Tag Archives: Thatcher

Back to The Future

The Apollo Pavilion, Peterlee New Town, Victor Pasmore, 2002

The Apollo Pavilion, Peterlee New Town, Victor Pasmore, 2002

This is one from the original concept for this blog; one of the hundreds of slides that i took while working at the A**s C***cil in the late 1990’s and early 2000s.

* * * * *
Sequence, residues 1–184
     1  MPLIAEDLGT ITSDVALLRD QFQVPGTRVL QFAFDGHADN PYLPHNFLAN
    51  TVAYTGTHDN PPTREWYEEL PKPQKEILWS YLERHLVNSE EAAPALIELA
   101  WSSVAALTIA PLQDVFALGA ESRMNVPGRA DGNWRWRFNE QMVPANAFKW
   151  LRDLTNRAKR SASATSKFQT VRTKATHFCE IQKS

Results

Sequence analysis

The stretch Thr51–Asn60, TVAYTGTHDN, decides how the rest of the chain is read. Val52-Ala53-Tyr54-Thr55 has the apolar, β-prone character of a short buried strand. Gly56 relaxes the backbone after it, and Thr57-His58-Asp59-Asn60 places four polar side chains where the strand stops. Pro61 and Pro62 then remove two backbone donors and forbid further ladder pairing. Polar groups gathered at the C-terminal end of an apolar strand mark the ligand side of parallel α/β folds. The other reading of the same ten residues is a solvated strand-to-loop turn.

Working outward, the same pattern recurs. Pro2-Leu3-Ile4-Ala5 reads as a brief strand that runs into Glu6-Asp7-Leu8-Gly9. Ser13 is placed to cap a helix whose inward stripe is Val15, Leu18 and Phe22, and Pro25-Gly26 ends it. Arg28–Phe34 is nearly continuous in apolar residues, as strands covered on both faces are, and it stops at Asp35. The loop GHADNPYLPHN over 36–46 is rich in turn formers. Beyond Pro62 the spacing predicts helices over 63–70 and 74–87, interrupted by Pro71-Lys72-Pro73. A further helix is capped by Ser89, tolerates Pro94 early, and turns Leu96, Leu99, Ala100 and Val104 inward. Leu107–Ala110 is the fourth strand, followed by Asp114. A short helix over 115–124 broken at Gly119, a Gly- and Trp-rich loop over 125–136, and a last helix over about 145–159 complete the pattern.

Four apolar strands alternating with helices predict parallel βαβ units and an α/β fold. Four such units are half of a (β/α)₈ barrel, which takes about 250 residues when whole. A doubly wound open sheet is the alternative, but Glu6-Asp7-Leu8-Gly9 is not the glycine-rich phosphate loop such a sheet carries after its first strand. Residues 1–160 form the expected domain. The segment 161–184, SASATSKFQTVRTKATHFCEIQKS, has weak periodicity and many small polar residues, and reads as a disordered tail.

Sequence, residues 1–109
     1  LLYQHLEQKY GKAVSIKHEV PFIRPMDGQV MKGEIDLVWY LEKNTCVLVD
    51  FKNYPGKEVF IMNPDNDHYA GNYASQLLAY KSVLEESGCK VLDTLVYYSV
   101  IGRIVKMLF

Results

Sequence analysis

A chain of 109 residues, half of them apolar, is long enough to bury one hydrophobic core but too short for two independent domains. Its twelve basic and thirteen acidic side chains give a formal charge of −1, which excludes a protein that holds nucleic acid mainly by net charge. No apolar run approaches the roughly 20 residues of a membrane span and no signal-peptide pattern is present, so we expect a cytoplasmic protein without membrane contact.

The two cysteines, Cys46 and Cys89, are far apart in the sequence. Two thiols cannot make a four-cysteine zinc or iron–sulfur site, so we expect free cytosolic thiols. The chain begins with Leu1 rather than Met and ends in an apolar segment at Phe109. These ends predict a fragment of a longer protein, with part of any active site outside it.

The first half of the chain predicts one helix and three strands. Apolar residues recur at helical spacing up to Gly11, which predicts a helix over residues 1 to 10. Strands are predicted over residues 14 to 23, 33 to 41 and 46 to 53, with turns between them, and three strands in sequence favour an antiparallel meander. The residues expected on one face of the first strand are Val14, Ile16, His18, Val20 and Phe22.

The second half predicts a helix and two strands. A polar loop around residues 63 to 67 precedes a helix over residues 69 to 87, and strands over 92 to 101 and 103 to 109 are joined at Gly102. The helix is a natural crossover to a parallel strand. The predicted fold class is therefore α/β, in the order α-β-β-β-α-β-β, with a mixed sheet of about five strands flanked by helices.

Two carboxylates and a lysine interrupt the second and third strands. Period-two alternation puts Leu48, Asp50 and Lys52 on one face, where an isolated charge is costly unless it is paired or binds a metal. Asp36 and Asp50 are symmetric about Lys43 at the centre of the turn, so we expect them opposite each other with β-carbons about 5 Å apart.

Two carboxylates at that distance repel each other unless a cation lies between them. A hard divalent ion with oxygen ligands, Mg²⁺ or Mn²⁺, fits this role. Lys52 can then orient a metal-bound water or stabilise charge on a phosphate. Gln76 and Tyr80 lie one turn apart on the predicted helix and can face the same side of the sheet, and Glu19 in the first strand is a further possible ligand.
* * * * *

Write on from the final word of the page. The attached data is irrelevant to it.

The work afforded lots of opportunity for travel and because I’m nose-y, also allowed me to poke my nose into places where people didn’t often go. I can’t remember how I first heard about Pasmore’s Apollo Pavilion (probably while working at the H**ry M**re Foundation in the early ’90’s) but it had always been high on my list of interesting places to visit. Virtually inaccessible except by Geordie public transport or by car, the sculpture (sculpitectre? (c) Sir Anthony Caro) was a bastard to find in those far off pre-google maps days. I drove twice round Peterlee first, far too intimated to ask for directions to something that I already knew that the locals hated…but there it was, nestled in a grassy dell of the Sunny Blunts estate, surmounting a rancid lake, the Chapel Perilous by way of A Clockwork Orange: something heroic, Arthurian and abandoned, a pissy, graffitti-ed castle. The sculpture (completed 1969) was named for the moon landings, and represents the fag-end of British Modernism, as the sixties curdled into the 70’s, Alfie growing into Jack Carter. The Pavilion was a symbol, not of the heroic age of modernism, but of the slow decline of British visual culture into the 1980’s, into the apotheosis of middle-class philistinism, Margret Thatcher.